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Why over-comply with international law? Exceeding international minimum standards in social, labor, and environmental policy

Ratner, McKenzie (2022) Why over-comply with international law? Exceeding international minimum standards in social, labor, and environmental policy. PhD thesis, London School of Economics and Political Science.

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Identification Number: 10.21953/lse.00004479


Studies on compliance have thus far largely focused on a binary assessment of state behavior, seeking to understand why states comply or fail to comply with international law. This thesis expands on this literature by further investigating the phenomenon of over-compliance. Over-compliance occurs when states do not merely meet their commitments to international institutions but exceed these requirements. This thesis delineates the concept of over-compliance to answer the question of why states choose not merely to meet but to exceed international minimum requirements in the face of potentially higher than necessary costs? It first examines the extent of over-compliance across environmental, human rights, and labor regimes to establish the empirical relevance of the concept. Then, drawing on literature from environmental economics, international political economy (IPE), and international relations (IR) theory, this thesis provides the first comprehensive theoretical framework in IR aimed at identifying the precise causal mechanisms through which states might be incentivized to exceed international minimum standards. This framework differentiates between explanations that suggest a causal link to International Organizations (IOs) and non-IO centric mechanisms. IO specific explanations for over-compliance include two-level games, signaling, uncertainty/sanctions in the face of involuntary non-compliance, policy leadership, and over-commitment. Non-IO centric mechanisms, which assume that institutions have little if any causal impact on state over-compliance, include policy diffusion and domestic political preferences. The thesis also explores the impact of three mediating factors on the probability and possible extent of over-compliance: costs, capacity, and the degree of normative fit between international standards and values at the domestic level. This framework is then applied to three case studies across different international institutions and policy areas drawing on interviews and two novel datasets: Parental Leave in the European Union (EU), the 1st Commitment Period of the Kyoto Protocol of the United Nations Convention on Climate Change (UNFCCC), and the International Labor Organization’s (ILO) Minimum Age Convention. This analysis has two key findings: i) while most over-compliant behavior on behalf of states can be accounted for by factors unrelated to international institutions, membership in and/or association with an IO can shape states’ cost/benefit calculations to such an extent that over-compliance is the logical outcome, and ii) the extent and likelihood of over-compliance is largely a by-product of the costs associated with doing so. These findings point to a need for a more fine-grained understanding of compliance predicated on a robust empirical assessment of the dynamics shaping state behavior within and outside of international institutions.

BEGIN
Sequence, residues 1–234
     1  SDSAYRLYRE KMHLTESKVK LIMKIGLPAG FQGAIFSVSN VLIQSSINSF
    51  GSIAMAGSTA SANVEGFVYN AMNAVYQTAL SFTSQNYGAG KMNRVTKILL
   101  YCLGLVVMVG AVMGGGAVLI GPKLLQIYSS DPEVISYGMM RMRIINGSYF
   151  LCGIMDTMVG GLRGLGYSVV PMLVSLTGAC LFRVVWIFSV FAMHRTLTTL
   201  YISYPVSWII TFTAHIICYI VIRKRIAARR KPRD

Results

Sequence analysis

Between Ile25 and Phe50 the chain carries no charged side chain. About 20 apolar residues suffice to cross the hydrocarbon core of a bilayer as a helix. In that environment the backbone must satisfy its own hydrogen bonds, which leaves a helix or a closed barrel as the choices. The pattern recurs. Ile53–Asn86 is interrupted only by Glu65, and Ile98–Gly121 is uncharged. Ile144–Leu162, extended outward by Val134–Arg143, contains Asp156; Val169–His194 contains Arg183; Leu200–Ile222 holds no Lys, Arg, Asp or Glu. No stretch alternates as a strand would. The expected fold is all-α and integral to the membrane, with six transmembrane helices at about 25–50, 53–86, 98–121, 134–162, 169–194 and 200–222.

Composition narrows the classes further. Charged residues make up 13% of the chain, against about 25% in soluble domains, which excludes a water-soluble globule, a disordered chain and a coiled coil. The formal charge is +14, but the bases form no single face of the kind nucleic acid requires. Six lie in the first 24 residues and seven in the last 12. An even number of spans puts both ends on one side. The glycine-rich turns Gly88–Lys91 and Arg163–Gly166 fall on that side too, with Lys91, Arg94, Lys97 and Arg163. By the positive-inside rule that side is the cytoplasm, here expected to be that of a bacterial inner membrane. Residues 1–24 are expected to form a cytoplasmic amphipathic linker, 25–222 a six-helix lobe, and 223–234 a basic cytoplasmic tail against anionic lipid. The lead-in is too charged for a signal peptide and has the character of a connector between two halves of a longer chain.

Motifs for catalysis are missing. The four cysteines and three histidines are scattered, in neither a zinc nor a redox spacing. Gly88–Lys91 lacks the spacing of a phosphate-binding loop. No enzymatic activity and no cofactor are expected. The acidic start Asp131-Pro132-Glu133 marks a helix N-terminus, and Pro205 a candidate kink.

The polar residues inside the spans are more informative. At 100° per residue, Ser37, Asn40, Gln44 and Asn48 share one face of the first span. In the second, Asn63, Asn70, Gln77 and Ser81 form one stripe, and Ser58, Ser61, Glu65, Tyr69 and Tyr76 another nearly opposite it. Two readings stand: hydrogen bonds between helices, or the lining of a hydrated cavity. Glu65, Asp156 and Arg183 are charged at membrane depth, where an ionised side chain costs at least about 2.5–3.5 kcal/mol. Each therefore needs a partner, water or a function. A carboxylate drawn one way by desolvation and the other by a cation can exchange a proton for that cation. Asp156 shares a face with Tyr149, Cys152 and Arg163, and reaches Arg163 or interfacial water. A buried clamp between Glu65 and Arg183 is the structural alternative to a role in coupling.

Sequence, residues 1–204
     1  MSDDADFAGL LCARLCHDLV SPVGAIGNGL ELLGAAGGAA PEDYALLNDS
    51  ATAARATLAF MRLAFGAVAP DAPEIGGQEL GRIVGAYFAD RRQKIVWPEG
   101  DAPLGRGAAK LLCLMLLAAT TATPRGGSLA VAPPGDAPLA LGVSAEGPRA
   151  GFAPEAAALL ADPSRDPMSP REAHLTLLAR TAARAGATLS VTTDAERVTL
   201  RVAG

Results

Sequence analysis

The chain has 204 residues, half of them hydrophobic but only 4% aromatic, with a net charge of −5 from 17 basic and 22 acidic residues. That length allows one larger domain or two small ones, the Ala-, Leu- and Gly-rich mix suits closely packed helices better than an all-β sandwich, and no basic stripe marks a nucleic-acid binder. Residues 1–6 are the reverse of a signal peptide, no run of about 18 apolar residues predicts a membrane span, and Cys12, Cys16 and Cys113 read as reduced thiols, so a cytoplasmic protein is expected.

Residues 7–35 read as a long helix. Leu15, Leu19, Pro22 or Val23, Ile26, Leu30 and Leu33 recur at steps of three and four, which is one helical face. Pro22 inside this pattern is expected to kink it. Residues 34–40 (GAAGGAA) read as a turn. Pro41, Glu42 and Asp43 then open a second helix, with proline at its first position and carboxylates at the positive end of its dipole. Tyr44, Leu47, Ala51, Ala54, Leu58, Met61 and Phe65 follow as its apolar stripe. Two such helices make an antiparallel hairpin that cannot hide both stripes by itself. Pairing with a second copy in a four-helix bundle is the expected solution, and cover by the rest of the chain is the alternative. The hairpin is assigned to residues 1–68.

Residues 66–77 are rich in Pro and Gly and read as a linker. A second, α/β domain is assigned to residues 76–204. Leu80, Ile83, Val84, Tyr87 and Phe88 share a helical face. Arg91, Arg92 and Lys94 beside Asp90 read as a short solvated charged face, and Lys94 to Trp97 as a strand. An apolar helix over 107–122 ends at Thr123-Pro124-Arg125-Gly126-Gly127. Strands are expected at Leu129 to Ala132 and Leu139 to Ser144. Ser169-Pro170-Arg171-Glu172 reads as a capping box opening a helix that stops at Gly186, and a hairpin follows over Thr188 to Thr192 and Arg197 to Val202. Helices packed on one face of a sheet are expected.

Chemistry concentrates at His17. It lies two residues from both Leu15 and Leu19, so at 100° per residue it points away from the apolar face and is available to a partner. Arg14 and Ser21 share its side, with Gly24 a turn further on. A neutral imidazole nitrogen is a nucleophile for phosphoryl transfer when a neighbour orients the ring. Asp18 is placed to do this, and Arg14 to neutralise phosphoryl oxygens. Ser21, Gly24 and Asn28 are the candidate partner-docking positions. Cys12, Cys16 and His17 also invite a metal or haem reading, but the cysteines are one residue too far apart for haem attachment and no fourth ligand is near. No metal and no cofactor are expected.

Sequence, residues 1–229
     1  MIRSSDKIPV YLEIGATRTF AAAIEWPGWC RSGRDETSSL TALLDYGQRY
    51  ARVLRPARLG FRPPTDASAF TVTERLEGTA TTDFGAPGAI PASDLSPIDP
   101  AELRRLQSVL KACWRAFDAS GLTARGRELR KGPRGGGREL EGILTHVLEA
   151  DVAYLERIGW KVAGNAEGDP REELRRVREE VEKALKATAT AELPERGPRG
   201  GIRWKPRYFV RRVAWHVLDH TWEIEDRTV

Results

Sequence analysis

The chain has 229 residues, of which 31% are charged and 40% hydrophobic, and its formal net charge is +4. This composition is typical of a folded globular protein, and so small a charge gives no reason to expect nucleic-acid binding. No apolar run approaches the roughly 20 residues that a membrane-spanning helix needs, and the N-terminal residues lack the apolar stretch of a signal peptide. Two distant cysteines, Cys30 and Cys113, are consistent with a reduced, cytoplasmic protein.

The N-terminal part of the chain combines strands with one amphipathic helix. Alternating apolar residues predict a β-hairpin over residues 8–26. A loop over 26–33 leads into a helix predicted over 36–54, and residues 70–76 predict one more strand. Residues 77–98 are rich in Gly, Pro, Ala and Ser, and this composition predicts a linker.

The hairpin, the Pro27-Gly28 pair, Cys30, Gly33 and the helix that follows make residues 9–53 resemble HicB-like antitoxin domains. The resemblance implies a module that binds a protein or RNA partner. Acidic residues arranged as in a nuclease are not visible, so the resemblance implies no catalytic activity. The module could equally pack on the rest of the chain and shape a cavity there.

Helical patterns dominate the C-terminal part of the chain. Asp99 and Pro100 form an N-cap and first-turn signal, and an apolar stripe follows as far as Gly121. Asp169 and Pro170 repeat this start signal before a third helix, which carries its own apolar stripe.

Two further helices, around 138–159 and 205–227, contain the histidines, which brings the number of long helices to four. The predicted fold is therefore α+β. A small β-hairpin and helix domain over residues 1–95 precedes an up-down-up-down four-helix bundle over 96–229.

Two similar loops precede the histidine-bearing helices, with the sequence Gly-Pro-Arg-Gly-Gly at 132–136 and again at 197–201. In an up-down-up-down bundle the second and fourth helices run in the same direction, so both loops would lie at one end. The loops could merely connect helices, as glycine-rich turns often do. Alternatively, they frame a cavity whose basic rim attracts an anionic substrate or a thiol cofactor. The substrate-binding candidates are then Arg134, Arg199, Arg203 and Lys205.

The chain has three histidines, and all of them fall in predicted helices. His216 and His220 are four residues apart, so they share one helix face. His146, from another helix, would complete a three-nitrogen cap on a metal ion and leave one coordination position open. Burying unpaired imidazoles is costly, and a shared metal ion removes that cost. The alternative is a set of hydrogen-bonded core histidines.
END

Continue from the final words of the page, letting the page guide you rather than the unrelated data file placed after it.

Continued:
Item Type: Thesis (PhD)
Additional Information: © 2022 McKenzie Ratner
Library of Congress subject classification: H Social Sciences > HN Social history and conditions. Social problems. Social reform
J Political Science > JZ International relations
Sets: Departments > International Relations
Supervisor: Sedelmeier, Ulrich

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